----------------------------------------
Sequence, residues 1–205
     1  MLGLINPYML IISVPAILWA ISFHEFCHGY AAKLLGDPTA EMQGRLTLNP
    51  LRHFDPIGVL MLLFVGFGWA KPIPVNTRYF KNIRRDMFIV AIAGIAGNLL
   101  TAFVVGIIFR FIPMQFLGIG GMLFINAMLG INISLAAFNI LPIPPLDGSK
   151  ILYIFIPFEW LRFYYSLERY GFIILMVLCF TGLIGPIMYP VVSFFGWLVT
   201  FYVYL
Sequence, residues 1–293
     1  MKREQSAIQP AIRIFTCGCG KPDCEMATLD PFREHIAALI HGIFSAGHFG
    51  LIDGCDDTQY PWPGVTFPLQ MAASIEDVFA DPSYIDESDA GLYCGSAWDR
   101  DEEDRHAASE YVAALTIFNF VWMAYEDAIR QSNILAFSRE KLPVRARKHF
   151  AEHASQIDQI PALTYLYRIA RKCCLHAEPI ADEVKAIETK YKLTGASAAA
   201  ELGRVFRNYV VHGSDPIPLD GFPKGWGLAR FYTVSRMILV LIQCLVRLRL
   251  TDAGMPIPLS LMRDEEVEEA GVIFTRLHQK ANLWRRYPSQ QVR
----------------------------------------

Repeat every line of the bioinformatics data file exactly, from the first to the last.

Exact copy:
Sequence, residues 1–205
     1  MLGLINPYML IISVPAILWA ISFHEFCHGY AAKLLGDPTA EMQGRLTLNP
    51  LRHFDPIGVL MLLFVGFGWA KPIPVNTRYF KNIRRDMFIV AIAGIAGNLL
   101  TAFVVGIIFR FIPMQFLGIG GMLFINAMLG INISLAAFNI LPIPPLDGSK
   151  ILYIFIPFEW LRFYYSLERY GFIILMVLCF TGLIGPIMYP VVSFFGWLVT
   201  FYVYL
Sequence, residues 1–293
     1  MKREQSAIQP AIRIFTCGCG KPDCEMATLD PFREHIAALI HGIFSAGHFG
    51  LIDGCDDTQY PWPGVTFPLQ MAASIEDVFA DPSYIDESDA GLYCGSAWDR
   101  DEEDRHAASE YVAALTIFNF VWMAYEDAIR QSNILAFSRE KLPVRARKHF
   151  AEHASQIDQI PALTYLYRIA RKCCLHAEPI ADEVKAIETK YKLTGASAAA
   201  ELGRVFRNYV VHGSDPIPLD GFPKGWGLAR FYTVSRMILV LIQCLVRLRL
   251  TDAGMPIPLS LMRDEEVEEA GVIFTRLHQK ANLWRRYPSQ QVR